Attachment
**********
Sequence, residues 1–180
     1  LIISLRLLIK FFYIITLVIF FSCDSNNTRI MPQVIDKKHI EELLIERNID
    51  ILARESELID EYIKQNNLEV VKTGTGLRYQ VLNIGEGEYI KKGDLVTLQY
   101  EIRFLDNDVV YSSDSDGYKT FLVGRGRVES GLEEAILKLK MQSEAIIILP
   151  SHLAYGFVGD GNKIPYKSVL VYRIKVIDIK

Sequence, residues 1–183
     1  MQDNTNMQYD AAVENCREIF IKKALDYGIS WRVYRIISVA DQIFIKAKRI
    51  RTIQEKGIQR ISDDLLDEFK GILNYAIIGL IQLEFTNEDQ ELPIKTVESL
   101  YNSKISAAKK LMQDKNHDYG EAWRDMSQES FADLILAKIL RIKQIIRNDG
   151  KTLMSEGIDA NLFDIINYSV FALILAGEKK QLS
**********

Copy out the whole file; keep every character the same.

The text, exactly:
Sequence, residues 1–180
     1  LIISLRLLIK FFYIITLVIF FSCDSNNTRI MPQVIDKKHI EELLIERNID
    51  ILARESELID EYIKQNNLEV VKTGTGLRYQ VLNIGEGEYI KKGDLVTLQY
   101  EIRFLDNDVV YSSDSDGYKT FLVGRGRVES GLEEAILKLK MQSEAIIILP
   151  SHLAYGFVGD GNKIPYKSVL VYRIKVIDIK

Sequence, residues 1–183
     1  MQDNTNMQYD AAVENCREIF IKKALDYGIS WRVYRIISVA DQIFIKAKRI
    51  RTIQEKGIQR ISDDLLDEFK GILNYAIIGL IQLEFTNEDQ ELPIKTVESL
   101  YNSKISAAKK LMQDKNHDYG EAWRDMSQES FADLILAKIL RIKQIIRNDG
   151  KTLMSEGIDA NLFDIINYSV FALILAGEKK QLS